Oil demand is Estimated to Increase By 6.3 Million Barrels Per Day Next Year

Platts Energy Information reported on November 24 that the latest report of S&P Global Platts Analytics stated that in 2021, global oil demand is estimated to increase by 6.3 million barrels per day per year, but the degree of recovery among different regions and even different oil products It will be very different; and although oil demand is expected to recover next year, it will still be 2.4 million barrels per day less than the level before the epidemic. The report also revised down the forecast for this year’s global oil demand from an annual decrease of 8.5 million barrels per day to an annual decrease of 8.7 million barrels per day, mainly due to the impact of the second wave of the global outbreak.

According to the report, the bank’s oil demand forecast for next year is based on global economic growth of 5% and oil prices between US$41-51 per barrel. The report believes that the development of vaccines will have a crucial impact on oil demand next year. If the vaccine can be successfully approved and quickly spread, the recovery of oil demand will be faster than expected. The report believes that the competition among various vaccines will begin in the first half of next year, but the popularization of vaccines is expected to wait until the second half of the year.

The report estimates that in 2021, US oil demand will increase by 1.7 million barrels per day, European oil demand will increase by 1.1 million barrels per day, and China’s oil demand is estimated to increase by 500,000 barrels per day. Compared with Western countries, the epidemic was relatively mild and concentrated in the first half of the year. In the second half of the year, the growth of mainland oil demand has stabilized.

The degree of recovery between different oil products is also different. Next year, global gasoline demand is estimated to increase by 10% or 2.4 million barrels per day, and diesel demand is estimated to increase by 5% or 1.3 million barrels per day. The demand for jet fuel, which has been hit hardest this year and has halved demand, accounts for only about 8% of global oil demand under normal circumstances, but next year demand is expected to increase by 1.5 million barrels per day per year, an increase of 37.5%. Compared with the previous normal level, it will still be reduced by about 20%.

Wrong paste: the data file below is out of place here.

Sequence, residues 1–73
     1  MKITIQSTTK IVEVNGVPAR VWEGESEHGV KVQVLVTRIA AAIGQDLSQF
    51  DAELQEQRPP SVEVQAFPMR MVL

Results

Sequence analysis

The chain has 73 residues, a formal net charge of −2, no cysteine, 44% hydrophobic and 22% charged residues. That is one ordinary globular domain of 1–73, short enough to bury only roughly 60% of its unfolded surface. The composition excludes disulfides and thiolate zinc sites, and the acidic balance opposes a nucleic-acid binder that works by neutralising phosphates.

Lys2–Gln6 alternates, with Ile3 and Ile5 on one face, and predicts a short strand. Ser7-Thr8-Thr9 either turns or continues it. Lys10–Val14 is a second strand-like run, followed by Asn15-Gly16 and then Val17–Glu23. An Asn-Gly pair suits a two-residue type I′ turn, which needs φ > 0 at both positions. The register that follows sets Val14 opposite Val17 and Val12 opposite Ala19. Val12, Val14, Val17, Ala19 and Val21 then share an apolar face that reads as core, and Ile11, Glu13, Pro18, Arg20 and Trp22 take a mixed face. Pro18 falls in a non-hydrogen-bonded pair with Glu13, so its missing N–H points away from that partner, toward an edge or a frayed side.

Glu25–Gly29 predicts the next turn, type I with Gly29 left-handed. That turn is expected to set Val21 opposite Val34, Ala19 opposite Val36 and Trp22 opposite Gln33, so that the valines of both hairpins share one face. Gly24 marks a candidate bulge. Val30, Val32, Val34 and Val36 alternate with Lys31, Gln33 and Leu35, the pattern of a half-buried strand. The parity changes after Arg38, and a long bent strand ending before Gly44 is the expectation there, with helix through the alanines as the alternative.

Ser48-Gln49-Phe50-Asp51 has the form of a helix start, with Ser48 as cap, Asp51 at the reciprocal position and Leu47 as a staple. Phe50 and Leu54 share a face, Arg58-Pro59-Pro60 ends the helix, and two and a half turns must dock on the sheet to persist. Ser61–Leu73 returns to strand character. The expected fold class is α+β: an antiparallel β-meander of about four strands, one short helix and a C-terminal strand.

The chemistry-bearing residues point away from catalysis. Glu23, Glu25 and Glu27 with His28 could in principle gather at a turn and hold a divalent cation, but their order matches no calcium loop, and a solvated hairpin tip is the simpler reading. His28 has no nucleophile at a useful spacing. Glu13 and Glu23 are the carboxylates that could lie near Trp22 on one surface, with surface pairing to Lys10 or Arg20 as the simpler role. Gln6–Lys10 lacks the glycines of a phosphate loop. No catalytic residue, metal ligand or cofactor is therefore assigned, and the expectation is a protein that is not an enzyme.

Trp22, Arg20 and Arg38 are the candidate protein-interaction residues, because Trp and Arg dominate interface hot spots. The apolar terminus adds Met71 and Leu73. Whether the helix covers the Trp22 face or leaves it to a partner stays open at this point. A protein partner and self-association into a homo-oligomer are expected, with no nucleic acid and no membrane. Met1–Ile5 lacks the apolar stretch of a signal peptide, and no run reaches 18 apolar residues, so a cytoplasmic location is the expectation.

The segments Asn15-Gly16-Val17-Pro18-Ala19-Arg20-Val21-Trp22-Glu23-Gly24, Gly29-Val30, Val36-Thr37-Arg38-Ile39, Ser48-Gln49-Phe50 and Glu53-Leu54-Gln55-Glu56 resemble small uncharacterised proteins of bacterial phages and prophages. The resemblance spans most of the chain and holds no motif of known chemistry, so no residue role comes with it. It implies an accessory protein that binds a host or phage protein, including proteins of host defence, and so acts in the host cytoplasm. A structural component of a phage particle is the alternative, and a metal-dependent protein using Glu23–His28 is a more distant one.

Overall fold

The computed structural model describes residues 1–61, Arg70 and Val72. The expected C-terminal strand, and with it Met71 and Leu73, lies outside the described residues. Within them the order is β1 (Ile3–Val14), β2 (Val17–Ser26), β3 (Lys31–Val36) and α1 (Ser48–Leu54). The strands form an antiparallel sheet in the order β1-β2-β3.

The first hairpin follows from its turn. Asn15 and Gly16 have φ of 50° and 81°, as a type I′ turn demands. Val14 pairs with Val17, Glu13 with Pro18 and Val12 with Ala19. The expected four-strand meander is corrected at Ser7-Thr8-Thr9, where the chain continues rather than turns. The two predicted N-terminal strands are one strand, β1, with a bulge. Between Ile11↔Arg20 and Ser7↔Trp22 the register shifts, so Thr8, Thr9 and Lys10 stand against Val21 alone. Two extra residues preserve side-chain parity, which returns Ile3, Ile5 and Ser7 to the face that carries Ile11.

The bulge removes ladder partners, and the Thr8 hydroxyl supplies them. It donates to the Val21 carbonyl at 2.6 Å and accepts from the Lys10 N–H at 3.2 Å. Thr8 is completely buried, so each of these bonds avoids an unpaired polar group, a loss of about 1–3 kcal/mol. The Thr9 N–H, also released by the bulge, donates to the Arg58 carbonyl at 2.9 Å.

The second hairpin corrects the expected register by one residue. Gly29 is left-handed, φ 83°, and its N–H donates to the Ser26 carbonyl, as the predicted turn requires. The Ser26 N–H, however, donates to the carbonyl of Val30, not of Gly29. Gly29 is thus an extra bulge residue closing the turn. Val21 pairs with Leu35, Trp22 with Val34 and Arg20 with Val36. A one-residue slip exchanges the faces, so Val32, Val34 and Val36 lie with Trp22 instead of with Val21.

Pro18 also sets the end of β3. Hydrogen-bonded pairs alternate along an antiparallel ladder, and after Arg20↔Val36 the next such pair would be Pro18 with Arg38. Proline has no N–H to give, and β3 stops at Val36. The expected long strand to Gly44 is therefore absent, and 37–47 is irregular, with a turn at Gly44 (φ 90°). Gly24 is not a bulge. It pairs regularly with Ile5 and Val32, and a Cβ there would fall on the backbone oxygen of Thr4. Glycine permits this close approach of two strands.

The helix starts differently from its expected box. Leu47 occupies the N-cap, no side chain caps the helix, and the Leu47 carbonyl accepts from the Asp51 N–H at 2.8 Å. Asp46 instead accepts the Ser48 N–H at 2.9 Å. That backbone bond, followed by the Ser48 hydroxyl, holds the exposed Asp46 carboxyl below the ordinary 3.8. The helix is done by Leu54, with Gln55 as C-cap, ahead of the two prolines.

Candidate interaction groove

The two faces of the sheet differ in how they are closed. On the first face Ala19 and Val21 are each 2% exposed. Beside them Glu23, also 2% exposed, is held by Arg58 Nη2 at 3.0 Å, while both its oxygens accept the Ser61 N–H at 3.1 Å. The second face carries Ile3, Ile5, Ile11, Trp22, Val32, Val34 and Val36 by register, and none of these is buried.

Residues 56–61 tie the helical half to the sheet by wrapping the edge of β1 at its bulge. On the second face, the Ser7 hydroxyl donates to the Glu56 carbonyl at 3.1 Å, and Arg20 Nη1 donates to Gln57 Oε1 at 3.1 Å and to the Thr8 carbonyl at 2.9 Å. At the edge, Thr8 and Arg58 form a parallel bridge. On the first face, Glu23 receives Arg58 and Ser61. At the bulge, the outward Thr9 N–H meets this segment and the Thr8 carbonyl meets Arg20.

The report pointed out that there are still many doubts about the growth of global oil demand next year, including Sino-US trade tensions and the formal Brexit of the United Kingdom, which may damage oil demand. This winter, the warmer weather in the northern hemisphere is expected to also affect oil demand; and because of the global epidemic. And the restricted international business and leisure travel, even if the vaccine is officially available next year, it may not be able to restore everything to normal immediately.

The latest monthly report of the Organization of the Petroleum Exporting Countries lowered the forecast of global oil demand for 2020 by 300,000 barrels/day from the previous month, mainly due to the impact of the epidemic; the global oil demand in 2020 is expected to decrease by 9.8 million barrels/day, and the global oil demand in 2021 Demand is estimated to increase by 6.2 million barrels per day per year, which is also lower than the previous month’s estimate by 300,000 barrels per day.

According to the monthly report of the International Energy Agency, due to the second wave of severe outbreaks in the United States and Europe, the global oil demand forecast for the fourth quarter has been lowered by 1.2 million barrels per day from the previous month. This is down 700,000 barrels per day from the previous month. The latest estimate is that global oil demand in 2020 will decrease by 8.8 million barrels per day, compared with the previous month’s estimate of 8.4 million barrels per day; the growth of global oil demand in 2021 is estimated to increase by 5.5 million barrels per day. , Raised to an annual increase of 5.8 million barrels per day.